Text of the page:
The U. S. A. will reduce greenhouse gases by specified amount in specified time frame
Now, you may say, these lists require a lot more data to be specific. That is exactly correct. Let’s take just one subject from Obama’s list and compare it to the same subject with smart data thinking applied.
‘Alternative energy production doubled in three years,’ is from the Obama plan. If alternative energy production is minuscule today compared with the demand, doubling it in three years may be insignificant or may be much less than what is needed in rate and volume of production to make a difference from which we all realize benefit.
Is not the desired outcome for the U. S. A. to achieve energy independence by a date certain by the various alternatives and allocated in specified percentages? Should not the quantities be based on known demand and facts about alternative development and availability, as well as competition?
Pressing for data facts and meaning is a part of the smart data strategy that begins with how the executive defines the outcomes.”"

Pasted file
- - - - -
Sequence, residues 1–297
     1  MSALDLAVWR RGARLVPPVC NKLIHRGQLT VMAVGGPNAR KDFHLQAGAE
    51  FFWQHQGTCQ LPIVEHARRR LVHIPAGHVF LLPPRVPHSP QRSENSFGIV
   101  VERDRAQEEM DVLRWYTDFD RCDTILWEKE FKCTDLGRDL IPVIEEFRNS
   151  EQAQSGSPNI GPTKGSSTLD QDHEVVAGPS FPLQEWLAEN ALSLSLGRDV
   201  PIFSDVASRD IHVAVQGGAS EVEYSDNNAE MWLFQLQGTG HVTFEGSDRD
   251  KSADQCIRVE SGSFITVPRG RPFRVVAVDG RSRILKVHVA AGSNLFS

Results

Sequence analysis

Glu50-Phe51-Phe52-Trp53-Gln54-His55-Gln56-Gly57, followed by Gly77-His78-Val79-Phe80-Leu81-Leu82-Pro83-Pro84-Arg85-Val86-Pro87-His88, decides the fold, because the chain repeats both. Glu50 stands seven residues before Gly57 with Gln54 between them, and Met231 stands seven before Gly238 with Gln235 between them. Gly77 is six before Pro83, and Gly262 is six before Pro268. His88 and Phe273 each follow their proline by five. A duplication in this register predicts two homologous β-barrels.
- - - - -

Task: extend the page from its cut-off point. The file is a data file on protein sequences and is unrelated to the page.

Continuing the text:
“Poll: Majority of public has lost faith in government ability to fix economy
By Jon Cohen, Wednesday, August 10, 3:34 PM
Barely one in four Americans has confidence that the federal government has the ability to fix economic problems, and most share Standard & Poor’s indictment of the country’s policy-making process, according to a new Washington Post poll.
The spreading lack of confidence is matched by an upsurge in dissatisfaction with the country’s political system and a widespread sense that S&P’s characterization of U.S. policy-making as increasingly “less stable, less effective and less predictable” is a fair one.